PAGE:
So let me raise the usual questions from Economic Analysis of Law: What are the risks? and who is the least-cost avoider of the risks?

One of the risks, of course, is that the taxpayers will foot the legal bills, regardless of the outcome of the suit!

Thanks to Jim Chapman for the pointer on this issue.


When I first moved to Canada in 1971, one of the first things I learned was that Canadians are very concerned about extra-territoriality: the effective export of U.S. laws and policies to Canada. An example often cited was a reported U.S.-imposed ban on GM-Canada, keeping the Canadian firm from selling vehicles to the Cuban government by threatening to prosecute the parent firm, GM, for "trading with the enemy".

From the excellent writer Dahlia Lithwick in Slate, here's an intriguing example of extra-territoriality, but sort of in reverse.

Some people were smuggling cheap, untaxed alcohol into Canada. But apparently they haven't been prosecuted in Canada. Nevertheless, they were charged (and convicted) of wire-fraud violation in the U.S. because they used interstate telephone services to set up and maintain the smuggling enterprise.

The case has recently been heard by the U.S. Supreme Court, where it is (almost) clear the justices are not interested in enforcing Canadian anti-smuggling law in the U.S., at least not explicitly. Rather the case seems to hinge on U.S. law regarding ill-gotten gains using U.S. telephones.

Return policies

One of the really neat things about most of the major retailers is that if I buy something and don't like it, I can return it for a full refund, no questions asked, no problem. As an example, I sometimes find that when I'm working on something around the house, I buy too many materials; the store lets me return the extras for a full refund. As another example, I recently bought something at a Walmart in London, Ontario, but when I got it home, found it was defective. Rather than make the 1-hour drive to London to return it, I simply went to the Walmart in Goderich. They zapped my receipt, pulled up a record of the transaction, and provided an exchange.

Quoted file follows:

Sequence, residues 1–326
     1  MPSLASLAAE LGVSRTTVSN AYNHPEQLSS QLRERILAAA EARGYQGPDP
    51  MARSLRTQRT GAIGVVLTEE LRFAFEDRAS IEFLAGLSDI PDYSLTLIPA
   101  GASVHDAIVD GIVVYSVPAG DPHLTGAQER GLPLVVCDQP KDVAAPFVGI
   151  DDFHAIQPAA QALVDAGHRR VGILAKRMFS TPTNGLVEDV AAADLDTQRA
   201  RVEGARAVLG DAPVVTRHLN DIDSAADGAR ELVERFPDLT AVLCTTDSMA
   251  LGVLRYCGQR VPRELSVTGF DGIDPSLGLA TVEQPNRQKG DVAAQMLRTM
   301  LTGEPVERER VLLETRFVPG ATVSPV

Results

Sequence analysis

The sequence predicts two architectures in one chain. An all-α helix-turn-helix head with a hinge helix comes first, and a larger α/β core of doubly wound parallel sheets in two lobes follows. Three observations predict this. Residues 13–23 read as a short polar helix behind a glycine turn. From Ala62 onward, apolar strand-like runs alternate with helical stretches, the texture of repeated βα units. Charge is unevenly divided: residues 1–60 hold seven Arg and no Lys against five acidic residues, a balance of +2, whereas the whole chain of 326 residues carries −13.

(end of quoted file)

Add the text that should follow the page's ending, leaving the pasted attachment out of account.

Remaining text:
In most instances, in fact, even if you don't have a receipt, the major retailers will provide a refund or, at the very least, a store credit.

I've often wondered not if people abuse this system, but how many abuse the system and to what extent. I guess in some cases the answer is that the abuse is serious, judging from this article in the Washington Post. Some major retailers are beginning to track refund histories and are denying refunds to people who seem to return a large portion of their purchases.

I don't blame them, but they have to be careful about type I and type II errors. If they have a strict policy, they'll cut down on the number of instances of people who "buy" something, use it once, and then return it (a wardrobe for a special event, a tool for a special project, a generator and propane stove prior to the Y2K scare, etc.); these folks are essentially using the store to provide them with the use of something for a short term without compensating the store. This practice can be quite costly for the stores.

At the same time, if the store is too strict, it will anger some customers who, due to nothing more than randomness, have a high number of returns. Trading off the costs and benefits arising from the policy and the type I and type II errors requires careful use of binomial distributions combined with an understanding of shoppers' tendencies. This is not a simple problem, but computer tracking will almost certainly allow/encourage other major retailers to move in this direction.

Thursday, November 11, 2004

The Greatest Canadian?

The CBC is running a survivor-type survey of its viewers on "The Greatest Canadian". The results so far provide an interesting reflection of the tastes and preferences of those who watch the CBC and have the patience to vote on this question.

  1. Tommy Douglas, the top vote-getter, was a flaming socialist. This is like saying Norman Thomas was the greatest American. There are two other politicians in the top ten who favoured larger government and more government intervention in the economy. In my view, those who held off these guys were greater Canadians.